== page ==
Latest Nature West News
Jan 2, 2019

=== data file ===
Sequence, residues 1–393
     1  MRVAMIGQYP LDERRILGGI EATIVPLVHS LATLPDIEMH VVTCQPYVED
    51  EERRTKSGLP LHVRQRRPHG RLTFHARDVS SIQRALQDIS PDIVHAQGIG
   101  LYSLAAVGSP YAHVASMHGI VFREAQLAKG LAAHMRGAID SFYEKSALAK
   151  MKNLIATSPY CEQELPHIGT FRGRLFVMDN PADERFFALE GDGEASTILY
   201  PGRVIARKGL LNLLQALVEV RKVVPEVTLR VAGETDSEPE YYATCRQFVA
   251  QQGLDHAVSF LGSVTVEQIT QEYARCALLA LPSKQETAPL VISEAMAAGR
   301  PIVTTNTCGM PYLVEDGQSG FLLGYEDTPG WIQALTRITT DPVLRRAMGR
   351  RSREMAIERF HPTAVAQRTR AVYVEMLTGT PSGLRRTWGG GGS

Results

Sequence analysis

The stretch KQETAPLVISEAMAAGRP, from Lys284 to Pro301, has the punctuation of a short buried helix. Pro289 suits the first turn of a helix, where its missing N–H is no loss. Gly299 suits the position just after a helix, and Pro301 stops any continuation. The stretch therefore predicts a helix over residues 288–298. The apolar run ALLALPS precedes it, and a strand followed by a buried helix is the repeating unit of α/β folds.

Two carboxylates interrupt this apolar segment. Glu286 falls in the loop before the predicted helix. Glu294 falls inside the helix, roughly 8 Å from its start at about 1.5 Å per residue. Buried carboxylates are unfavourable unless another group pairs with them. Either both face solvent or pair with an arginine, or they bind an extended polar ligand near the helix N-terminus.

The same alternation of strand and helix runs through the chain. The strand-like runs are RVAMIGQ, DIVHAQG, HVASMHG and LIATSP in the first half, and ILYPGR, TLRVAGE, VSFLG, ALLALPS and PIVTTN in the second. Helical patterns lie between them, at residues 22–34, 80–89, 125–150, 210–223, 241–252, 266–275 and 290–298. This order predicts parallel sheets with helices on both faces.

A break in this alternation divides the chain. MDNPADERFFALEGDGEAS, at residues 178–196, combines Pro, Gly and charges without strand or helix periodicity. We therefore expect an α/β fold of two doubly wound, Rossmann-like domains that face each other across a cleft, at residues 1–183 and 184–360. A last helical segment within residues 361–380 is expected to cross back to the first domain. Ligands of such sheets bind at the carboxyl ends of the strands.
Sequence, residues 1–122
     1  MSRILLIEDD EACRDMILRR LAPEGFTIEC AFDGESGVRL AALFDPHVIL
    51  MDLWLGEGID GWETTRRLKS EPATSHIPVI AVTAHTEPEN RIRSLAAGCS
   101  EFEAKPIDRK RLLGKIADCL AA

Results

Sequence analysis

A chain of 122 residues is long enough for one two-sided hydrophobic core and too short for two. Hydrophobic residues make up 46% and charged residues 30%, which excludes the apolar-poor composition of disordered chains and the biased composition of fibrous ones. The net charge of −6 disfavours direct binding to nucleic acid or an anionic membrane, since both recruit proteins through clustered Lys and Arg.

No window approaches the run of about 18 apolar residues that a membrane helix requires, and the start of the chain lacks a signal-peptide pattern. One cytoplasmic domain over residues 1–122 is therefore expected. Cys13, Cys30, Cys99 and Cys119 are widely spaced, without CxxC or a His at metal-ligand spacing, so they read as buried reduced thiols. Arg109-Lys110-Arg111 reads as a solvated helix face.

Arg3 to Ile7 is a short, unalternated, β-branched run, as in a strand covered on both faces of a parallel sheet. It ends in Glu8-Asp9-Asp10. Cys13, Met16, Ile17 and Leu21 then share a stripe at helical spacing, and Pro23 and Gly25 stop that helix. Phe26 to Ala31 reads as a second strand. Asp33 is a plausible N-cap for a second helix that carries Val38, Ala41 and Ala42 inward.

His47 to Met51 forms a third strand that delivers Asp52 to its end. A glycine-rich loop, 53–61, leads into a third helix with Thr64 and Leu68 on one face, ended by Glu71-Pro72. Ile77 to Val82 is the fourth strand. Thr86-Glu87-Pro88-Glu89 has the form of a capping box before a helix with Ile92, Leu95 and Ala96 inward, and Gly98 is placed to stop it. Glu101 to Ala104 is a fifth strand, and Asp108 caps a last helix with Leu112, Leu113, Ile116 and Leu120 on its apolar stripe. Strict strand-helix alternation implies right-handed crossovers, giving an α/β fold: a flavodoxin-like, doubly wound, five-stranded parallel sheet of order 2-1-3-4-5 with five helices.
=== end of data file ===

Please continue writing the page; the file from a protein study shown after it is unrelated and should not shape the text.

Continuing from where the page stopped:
Prescott Landscape Professionals acquires Nature West The company also hired Adrian Riveras to serve as a maintenance manager. Prescott Landscape Professionals , a team based in Arizona, recently announced the acquisition of Nature West. Nature West's Bob Vastine, the owner who started the business 18 years ago in Prescott, is staying on with Prescott Landscape Professionals with his team. Vastine will be running the design/build side of business. This has increased the company’s crew to 15 and the combined experience to 40 years. “We’re thrilled to be able to have this opportunity to expand our business and look forward to working with Bob’s clientele," Prescott Owner Josh Crothers said. "Our service, expertise and attention to detail matches what Bob provided for years. He’s very creative and in tune with the natural environment and his horticultural knowledge is an amazing addition to our services.' In addition, Adrian Riveras has been hired onto Prescott Landscape Professionals as a maintenance manager. He brings 20 years of experience working for national firms as an account manager for residential, commercial, homeowners associations and resort properties in Arizona. He will be assisting with customer service, quality control, estimates and client follow-up. Happy New Year! MOLINE, Ill. – John Deere is updating its line of Worksite Pro attachments with three new angle and five new pickup brooms . The BA72C, BA84C and BA96C angle brooms and the BP72C, BP84C, BR60C, BR72C and BR84C pickup brooms were designed for efficient cleanup in turf, snow and construction applications. Like all Worksite Pro attachments, these angle brooms are optimized to work with John Deere skid-steers and compact track loaders. They’re also compatible with most competitive models. “With new OSHA silica dust exposure rules, contractors are in need of attachments with options that meet these requirements and make contractors more competitive bidders,” said Jessica Hill, program manager, global attachments, John Deere Construction & Forestry. “We designed a new class of brooms to deliver more durability and job site protection to help our customers get the most of out of their investments.” The new pickup brooms offer a solution for dust mitigation challenges and restrictive barriers, like curbs and sidewalks. These pickup brooms feature a 660-mm (26-inch) diameter brush with standard 50/50 poly-wire segments and optional all-polypropylene brush segments, allowing operators to customize the attachment to their job site. The BR models use bolts for brush-contact adjustment, while the BP models incorporate a tool-free system for easy adjustment. BP models feature a 12.7-mm (0.5-inch) single-bevel cutting edge; BR models have a 15.9-mm (0.625-inch) double-bevel cutting edge. Optional 95-liter (25-gallon) broom-mounted or 113.5-liter (30-gallon) roof-mounted water-tank kits are available for dust-suppression applications. An adjustable baffle on BP pickup broom models increases hopper capacity by 22 percent. A front caster wheel on BP models allows the brush to follow ground contours, while a front bumper on BR models provides extra strength and protection when sweeping close to walls or obstacles. An optional 510-mm (20-inch) gutter brush with wire bristles can be mounted on the right or left side of any model pickup broom for collecting material close to curbs. Designed for turf and snow removal applications, the BA model angle brooms feature a hydraulic-angling range of 30 degrees to the right or left of the machine. The 810-mm (32-inch) diameter brush features standard 50/50 poly-wire segments. Optional all-polypropylene brush segments are available for work on softer surfaces. Brush-core removal for bristle replacement requires no tools. Foldaway storage stands help the brush maintain its round shape when not in use. An optional hood extension provides 180-degree brush coverage, while a rubber deflector prevents snow from blowing back onto the machine when winter strikes. An optional 114-liter (30-gallon) roof-mounted water tank kit is available for applications that require dust suppression. For added performance and durability, both the pickup broom and angle brooms feature a heavy-duty, high-torque, bidirectional motor coupled to the brush core through a 63.5-mm (2.5-inch) hex hub. The attachments’ motor and bearing are protected within the broom-frame structure. Motor and bearing separate from the brush core without having to disconnect any hydraulic hoses, eliminating the risk of oil spills or contamination. To learn more, visit JohnDeere.com WASHINGTON — The U.S. Environmental Protection Agency and the Department of the Army have proposed new definitions of “waters of the United States” in an effort to clarify federal authority under the Clean Water Act. “Our proposal would replace the Obama EPA’s 2015 definition with one that respects the limits of the Clean Water Act and provides states and landowners the certainty they need to manage their natural resources and grow local economies,” said EPA Acting Administrator Andrew Wheeler. “For the first time, we are clearly defining the difference between federally protected waterways and state protected waterways. Our simpler and clearer definition would help landowners understand whether a project on their property will require a federal permit or not, without spending thousands of dollars on engineering and legal professionals.” The agencies’ proposal is the second step in a two-step process to review and revise the definition of “waters of the United States” consistent with President Donald Trump's executive order from 2017 entitled “Restoring the Rule of Law, Federalism, and Economic Growth by Reviewing the ‘Waters of the United States’ Rule.” “EPA and the Army together propose this new definition that provides a clear and predictable approach to regulating ‘waters of the United States.’ We focused on developing an implementable definition that balances local and national interests under the Clean Water Act,” said R.D. James, Assistant Secretary of the Army for Civil Works. “I have heard from a wide range of stakeholders on Clean Water Act implementation challenges. This proposed definition provides a common-sense approach to managing our nation's waters.” Under the agencies’ proposal, traditional navigable waters, tributaries to those waters, certain ditches, certain lakes and ponds, impoundments of jurisdictional waters, and wetlands adjacent to jurisdictional waters would be federally regulated. It also details what are not “waters of the United States,” such as features that only contain water during or in response to rainfall (e.g., ephemeral features); groundwater; many ditches, including most roadside or farm ditches; prior converted cropland; stormwater control features; and waste treatment systems. The agencies invited written pre-proposal recommendations and received more than 6,000 recommendations that the agencies have considered in developing this proposal. The agencies will take comment on the proposal for 60 days after publication in the Federal Register. EPA and the Army will also hold an informational webcast on Jan. 10 and will host a listening session on the proposed rule in Kansas City, KS, on Jan. 23. Winter launches new skid shoe assemblies The Arctic and ProTech pusher box plows can now be outfitted with the Carbide Matrix based skid shoes.